Key step forward on North Korea
WASHINGTON and SEOUL, South Korea — This week's settlement of a dispute between the United States and North Korea over $25 million in tainted cash held in a Macao bank may be remembered as the key to full dismantlement of Pyongyang's nuclear program.
Or it may be recalled as a retreat by a White House beset by one too many foreign fire and as a signal to troublemaker regimes, including Iran, that world powers can be forced down from tough sanctions and uncompromising positions.
Many Democrats and foreign-policy experts are joining the Bush administration in hailing an agreement Wednesday that gave North Korea immediate access to deposits the US froze in 2005 as part of a crackdown on counterfeiting in Pyongyang. The settlement paves the way for the North to shut down its Yongbyon nuclear power plant – a first step toward dismantlement of its nuclear program, to which the North agreed in February with the US and four other countries.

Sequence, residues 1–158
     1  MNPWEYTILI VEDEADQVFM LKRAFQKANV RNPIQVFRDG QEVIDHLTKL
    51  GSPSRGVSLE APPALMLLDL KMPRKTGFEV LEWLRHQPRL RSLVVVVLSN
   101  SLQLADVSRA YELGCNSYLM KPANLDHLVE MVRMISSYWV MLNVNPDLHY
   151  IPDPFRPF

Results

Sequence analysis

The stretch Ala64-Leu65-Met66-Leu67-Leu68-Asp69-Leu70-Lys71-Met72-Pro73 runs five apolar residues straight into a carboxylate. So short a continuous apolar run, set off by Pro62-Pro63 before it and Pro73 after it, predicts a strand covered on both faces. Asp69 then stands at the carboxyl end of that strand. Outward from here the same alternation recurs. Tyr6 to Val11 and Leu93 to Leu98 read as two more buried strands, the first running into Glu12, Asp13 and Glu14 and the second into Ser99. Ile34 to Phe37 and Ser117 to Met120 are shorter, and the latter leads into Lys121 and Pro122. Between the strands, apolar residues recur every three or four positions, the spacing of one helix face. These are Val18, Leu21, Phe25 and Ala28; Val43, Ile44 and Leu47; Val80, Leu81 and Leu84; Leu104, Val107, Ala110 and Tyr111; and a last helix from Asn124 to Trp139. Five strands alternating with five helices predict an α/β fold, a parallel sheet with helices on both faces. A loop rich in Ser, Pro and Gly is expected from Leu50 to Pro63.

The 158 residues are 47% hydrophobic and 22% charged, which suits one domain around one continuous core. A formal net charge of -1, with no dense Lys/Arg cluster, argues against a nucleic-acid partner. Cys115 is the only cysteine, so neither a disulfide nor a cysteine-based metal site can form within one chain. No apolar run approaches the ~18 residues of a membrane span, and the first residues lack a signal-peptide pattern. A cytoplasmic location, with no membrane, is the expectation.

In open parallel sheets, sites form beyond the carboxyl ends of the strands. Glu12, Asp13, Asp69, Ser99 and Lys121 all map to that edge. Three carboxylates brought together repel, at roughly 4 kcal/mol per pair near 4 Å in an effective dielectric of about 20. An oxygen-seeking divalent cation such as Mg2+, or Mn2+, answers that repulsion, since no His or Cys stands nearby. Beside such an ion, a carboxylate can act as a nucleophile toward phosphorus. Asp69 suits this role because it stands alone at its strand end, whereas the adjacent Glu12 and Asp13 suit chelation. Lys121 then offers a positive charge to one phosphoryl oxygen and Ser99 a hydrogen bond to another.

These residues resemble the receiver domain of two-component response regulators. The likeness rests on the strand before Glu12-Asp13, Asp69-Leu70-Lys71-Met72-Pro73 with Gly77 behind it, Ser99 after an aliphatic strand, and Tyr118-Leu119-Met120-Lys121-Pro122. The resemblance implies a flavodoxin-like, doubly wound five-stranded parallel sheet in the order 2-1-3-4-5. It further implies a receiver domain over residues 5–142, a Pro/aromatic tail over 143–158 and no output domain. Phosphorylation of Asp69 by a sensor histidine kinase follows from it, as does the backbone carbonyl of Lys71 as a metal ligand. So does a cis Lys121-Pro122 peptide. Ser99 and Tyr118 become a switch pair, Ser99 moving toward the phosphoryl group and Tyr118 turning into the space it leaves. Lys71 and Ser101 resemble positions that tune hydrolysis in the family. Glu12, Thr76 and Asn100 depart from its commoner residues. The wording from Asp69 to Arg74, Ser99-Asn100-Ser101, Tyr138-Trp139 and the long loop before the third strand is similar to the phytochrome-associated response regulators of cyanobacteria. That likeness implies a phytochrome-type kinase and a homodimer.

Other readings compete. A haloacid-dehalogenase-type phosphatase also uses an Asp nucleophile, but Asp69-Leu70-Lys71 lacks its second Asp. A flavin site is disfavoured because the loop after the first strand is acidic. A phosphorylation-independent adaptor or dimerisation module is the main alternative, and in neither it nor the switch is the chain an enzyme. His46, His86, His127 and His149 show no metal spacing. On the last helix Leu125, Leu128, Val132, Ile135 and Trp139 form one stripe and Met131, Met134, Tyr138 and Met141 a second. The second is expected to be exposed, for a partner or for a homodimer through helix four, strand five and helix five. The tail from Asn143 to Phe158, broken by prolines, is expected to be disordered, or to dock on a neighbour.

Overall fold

But hard-liners are calling the accord a bad precedent for dealing with regimes that threatenglobal stability, particularly with nuclear development.
Either way, the lesser-evil-for-greater-good agreement is emblematic of the kind of diplomatic compromise President Bush eschewed in his first term but appears more prone to accept in his second.
"Is this deal going to leave a bad taste in a lot of mouths? You bet," says Jon Wolfsthal, a nonproliferation expert at the Center for Strategic and International Studies (CSIS) in Washington. "But we have yet to determine if North Korea is really ready to give up its nuclear arms program, and if we had to jump this hurdle to find that out, it's worth the risk."
Even as US officials said the issue of the $25 million was "resolved," North Korea suggested it would need perhaps a month to shut down Yongbyon – a step that under the February agreement was to take place by Saturday.